Rev. Proc. Changing Gift Disclosure Rules Set Aside for Procedural Reasons

Date01 October 2019
Published date01 October 2019
October 2019 3
Bruce R. Hopkins’ Nonpr ofit Counsel DOI:10.10 02/n pc
tion of the term educational organization to include a
primary-function requirement and/or a merely-incidental
test, it had the chance to do so but elected not to.
The court cited many cases in support of this rule of
statutory construction. This line of law was summarized
in Scalia and Garner, Reading Law: The Interpretation
of Legal Texts (2012) (cited by the court): “[W]here [a]
document has used one term in one place, and a materi-
ally different term in another, the presumption is that the
different term denotes a different idea” (p. 170). This is
one of the so-called contextual canons used in constru-
ing statutes; it states a presumption of consistent usage.
The court held that the government’s position that
Mayo is not entitled to the refunds it seeks is “premised
entirely on Mayo’s alleged inability to satisfy the primary-
function and merely-incidental requirements” in the tax
regulation. Thus: “Because those requirements exceed
the bounds of authority given by [IRC § 170(b)(1)(A)(ii)],
they are unlawful.” [4.4, 8.3(a), 12.3(a)]
Commentary: This court opinion is wrong. It is true
that the primary-function requirement is not in IRC §
170(b)(1)(A)(ii) but is in IRC § 170(b)(1)(A)(iii). But that
fact alone does not warrant the court’s conclusion. This
is clear because the court ignored not only relevant law
but also a much more relevant contextual canon: the
whole-text canon. Scalia and Garner seemed to have
anticipated this decision, writing “[p]erhaps no interpre-
tive fault is more common than the failure to follow the
whole-text canon, which calls on the judicial interpreter to
consider the entire text, in view of its structure and of the
physical and logical relation of its many parts” (p. 167).
The “entire text” is not merely IRC § 170(b)(1)(A)(ii)
and (iii). It is the full IRC § 170(b)(1)(A). There, the Inter-
nal Revenue Code provides for nine categories of “pre-
ferred” public charities. Eight of them do not contain
the primary-function requirement. There is no support
for assigning, in this opinion, much importance to the
conclusion that Congress “unambiguously chose not to
include a primary-function requirement in” IRC § 170(b)
(1)(A)(ii). There isn’t any such requirement in the other
seven provisions, either. The greater likelihood is that the
statute writers had a reason to insert such a requirement
only in § 170(b)(1)(A)(iii). The opinion is silent on this
point, which should have been explored. In any event, all
the contextual canon relied on by the court does is give
rise to a presumption of unlawfulness.
What the court has additionally done is violate
another contextual canon: the absurdity doctrine. This
canon states that a provision may be judicially corrected
where the failure to do so would result in a disposition
that no reasonable person could approve (Reading Law,
at 234). It is not reasonable to conclude that an entity
is an educational organization where only 13 percent of
its activities is educational in nature and only 6 percent
of its revenue is derived from educational undertakings.
Under this opinion, as another example, a religious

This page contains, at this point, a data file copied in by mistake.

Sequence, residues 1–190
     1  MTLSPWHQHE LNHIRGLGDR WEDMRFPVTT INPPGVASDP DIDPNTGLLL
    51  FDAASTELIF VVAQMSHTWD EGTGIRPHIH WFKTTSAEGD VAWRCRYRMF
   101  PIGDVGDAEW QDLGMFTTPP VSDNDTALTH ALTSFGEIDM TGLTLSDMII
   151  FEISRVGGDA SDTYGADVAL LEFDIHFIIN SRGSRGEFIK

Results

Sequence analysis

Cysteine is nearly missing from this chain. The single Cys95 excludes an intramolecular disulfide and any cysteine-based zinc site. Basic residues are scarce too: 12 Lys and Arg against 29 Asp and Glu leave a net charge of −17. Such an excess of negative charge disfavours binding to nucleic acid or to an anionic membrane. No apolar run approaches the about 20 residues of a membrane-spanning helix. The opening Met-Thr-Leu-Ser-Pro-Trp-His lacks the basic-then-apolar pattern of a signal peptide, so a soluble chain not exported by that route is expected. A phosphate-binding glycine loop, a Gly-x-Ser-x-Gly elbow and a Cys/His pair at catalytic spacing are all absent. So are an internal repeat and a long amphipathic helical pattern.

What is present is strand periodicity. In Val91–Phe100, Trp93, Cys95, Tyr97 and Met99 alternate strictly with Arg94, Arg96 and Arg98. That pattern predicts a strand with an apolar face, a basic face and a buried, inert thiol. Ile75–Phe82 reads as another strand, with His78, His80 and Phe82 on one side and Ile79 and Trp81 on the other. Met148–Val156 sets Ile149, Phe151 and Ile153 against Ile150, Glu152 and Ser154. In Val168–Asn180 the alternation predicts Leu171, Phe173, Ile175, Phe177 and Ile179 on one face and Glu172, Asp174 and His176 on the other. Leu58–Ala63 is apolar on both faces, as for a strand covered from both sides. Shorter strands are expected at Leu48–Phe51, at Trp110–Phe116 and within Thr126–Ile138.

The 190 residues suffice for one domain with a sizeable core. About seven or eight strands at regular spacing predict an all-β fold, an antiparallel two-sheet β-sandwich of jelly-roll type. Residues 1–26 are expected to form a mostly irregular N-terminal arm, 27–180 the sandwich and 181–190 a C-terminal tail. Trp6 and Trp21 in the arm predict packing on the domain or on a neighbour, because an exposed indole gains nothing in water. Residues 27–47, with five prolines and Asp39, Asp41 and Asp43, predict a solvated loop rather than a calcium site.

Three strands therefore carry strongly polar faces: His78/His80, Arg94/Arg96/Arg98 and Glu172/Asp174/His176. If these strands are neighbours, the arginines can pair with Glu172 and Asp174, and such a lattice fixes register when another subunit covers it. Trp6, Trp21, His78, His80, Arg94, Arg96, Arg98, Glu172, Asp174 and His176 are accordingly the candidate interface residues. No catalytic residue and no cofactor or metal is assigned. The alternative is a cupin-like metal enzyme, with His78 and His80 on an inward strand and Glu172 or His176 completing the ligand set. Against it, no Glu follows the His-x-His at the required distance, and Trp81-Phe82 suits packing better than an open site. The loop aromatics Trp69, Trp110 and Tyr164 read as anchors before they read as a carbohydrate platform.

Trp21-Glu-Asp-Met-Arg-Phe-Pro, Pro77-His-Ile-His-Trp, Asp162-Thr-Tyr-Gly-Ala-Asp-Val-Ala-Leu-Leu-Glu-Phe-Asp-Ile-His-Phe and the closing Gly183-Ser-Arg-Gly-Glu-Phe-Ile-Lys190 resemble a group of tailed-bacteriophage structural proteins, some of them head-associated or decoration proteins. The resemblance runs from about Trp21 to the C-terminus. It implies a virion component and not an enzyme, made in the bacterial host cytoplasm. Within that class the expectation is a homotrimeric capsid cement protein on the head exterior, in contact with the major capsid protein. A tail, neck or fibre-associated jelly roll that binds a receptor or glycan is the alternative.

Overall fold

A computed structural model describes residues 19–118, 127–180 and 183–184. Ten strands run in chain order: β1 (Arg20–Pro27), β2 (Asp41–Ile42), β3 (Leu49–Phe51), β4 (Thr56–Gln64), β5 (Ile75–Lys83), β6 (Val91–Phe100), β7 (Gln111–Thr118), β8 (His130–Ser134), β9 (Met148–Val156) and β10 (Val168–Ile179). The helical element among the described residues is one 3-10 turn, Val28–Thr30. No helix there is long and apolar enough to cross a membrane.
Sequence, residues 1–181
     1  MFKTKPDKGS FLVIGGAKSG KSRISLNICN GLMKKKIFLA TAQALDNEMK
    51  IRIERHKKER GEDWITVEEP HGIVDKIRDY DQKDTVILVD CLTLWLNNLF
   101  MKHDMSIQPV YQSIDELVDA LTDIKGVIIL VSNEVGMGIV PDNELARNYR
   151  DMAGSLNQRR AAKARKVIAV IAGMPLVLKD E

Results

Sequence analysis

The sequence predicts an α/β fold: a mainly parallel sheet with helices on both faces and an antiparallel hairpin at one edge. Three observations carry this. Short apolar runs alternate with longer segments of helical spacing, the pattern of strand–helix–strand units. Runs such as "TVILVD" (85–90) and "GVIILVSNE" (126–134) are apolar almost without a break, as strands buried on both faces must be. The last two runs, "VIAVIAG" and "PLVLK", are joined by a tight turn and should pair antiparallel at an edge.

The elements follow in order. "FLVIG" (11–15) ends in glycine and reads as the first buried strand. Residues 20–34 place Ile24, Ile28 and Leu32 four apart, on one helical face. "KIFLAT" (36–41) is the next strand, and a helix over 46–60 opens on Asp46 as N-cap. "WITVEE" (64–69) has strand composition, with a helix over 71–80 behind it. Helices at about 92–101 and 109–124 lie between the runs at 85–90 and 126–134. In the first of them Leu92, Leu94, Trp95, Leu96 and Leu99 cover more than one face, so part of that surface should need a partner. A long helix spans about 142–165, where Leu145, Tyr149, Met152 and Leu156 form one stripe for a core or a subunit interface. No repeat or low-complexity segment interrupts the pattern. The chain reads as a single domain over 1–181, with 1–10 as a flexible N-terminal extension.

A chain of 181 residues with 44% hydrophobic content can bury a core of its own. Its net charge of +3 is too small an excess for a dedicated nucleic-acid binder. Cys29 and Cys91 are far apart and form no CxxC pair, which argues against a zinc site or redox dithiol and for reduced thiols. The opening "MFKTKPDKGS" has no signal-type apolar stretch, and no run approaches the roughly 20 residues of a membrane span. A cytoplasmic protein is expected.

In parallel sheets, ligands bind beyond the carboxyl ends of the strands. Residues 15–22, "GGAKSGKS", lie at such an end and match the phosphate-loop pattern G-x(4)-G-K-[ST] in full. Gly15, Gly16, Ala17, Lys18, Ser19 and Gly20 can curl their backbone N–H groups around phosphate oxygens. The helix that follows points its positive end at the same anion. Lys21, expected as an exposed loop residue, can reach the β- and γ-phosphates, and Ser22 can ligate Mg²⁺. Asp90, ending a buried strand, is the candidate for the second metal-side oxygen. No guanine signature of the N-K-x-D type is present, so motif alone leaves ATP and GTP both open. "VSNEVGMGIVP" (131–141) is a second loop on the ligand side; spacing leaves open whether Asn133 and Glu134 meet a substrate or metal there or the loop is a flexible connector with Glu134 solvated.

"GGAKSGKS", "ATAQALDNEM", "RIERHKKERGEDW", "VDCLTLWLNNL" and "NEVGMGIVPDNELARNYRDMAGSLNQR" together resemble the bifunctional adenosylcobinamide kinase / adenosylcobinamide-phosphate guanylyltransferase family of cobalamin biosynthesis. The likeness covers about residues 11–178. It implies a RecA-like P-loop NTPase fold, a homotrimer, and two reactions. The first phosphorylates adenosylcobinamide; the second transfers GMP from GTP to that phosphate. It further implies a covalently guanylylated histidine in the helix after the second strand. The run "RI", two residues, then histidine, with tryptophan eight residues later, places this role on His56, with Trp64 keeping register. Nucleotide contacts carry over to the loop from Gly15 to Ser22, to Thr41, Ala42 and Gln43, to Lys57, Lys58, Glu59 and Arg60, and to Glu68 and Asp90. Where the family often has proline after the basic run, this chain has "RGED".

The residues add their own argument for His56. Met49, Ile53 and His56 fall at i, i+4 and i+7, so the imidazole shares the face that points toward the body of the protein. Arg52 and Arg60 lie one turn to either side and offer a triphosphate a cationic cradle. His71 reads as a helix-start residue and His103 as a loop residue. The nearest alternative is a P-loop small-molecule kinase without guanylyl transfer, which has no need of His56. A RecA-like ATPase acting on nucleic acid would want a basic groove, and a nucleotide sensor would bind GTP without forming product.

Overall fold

organization can be a church if only a small percentage
of what it does is in conformity with IRC § 170(b)(1)(A)
(i). The opinion states, in effect, that public charity status
can be achieved where the tail wags the dog.
It may also be noted that the primary-function
requirement for schools has been a part of the tax law
for decades. For example, the IRS ruled in 1976 that a
nonprofit organization established to primarily operate a
museum is not an educational organization even though
it provides some educational programming (Rev. Rul.
76-167). If the Mayo Clinic decision stands, rulings such
as this will be voided and the federal tax law concept of
what it means to be a public charity will be upended.
Another contextual canon the court could have
applied is the harmonious-reading canon, pursuant to
which the provisions of a text should be interpreted
in a way that renders them compatible, not contradic-
tory (Reading Law, at 180). The primary purpose rule
has been in the law of tax-exempt organizations since
Congress, in 1913, employed the term-of-art exclusively
in IRC § 501(c)(3). That was done in the tax-exemption
context, of course, but Congress lumped all institutional
public charities (churches, schools, hospitals, etc.) into
one generic classification as well (IRC § 509(a)(1)).
Congress has had ample opportunities over many
years to add a primary-function requirement to any or
all of the eight other subsections of IRC § 170(b)(1)(A)
if it thought that was necessary. Of course, it has never
done so. No court, until now, has interpreted the law of
public charities in a way that enables an entity to qualify
as a public charity by simply tangentially qualifying. It
can only be hoped that a higher court, starting with the
Eighth Circuit, will prevent the public charity classifica-
tion law from devolving into chaos.
A federal district court, by decision dated July 30,
ruled that a revenue procedure issued last year that
attempted to relieve many categories of tax-exempt
organizations from the requirement of disclosing donor
information must be set aside on the grounds that the
Treasury Department and the IRS did not follow the
Administrative Procedure Act’s notice-and-comment pro-
cedures (Bullock et al. v. Internal Revenue Service et al.
(D. Mont.)). This case concerns Rev. Proc. 2018-38 (sum-
marized in the September 2018 issue).
The tax regulations expand on the scope of the
reporting on annual information returns (IRC § 6033(b))
by generally requiring all types of tax-exempt organiza-

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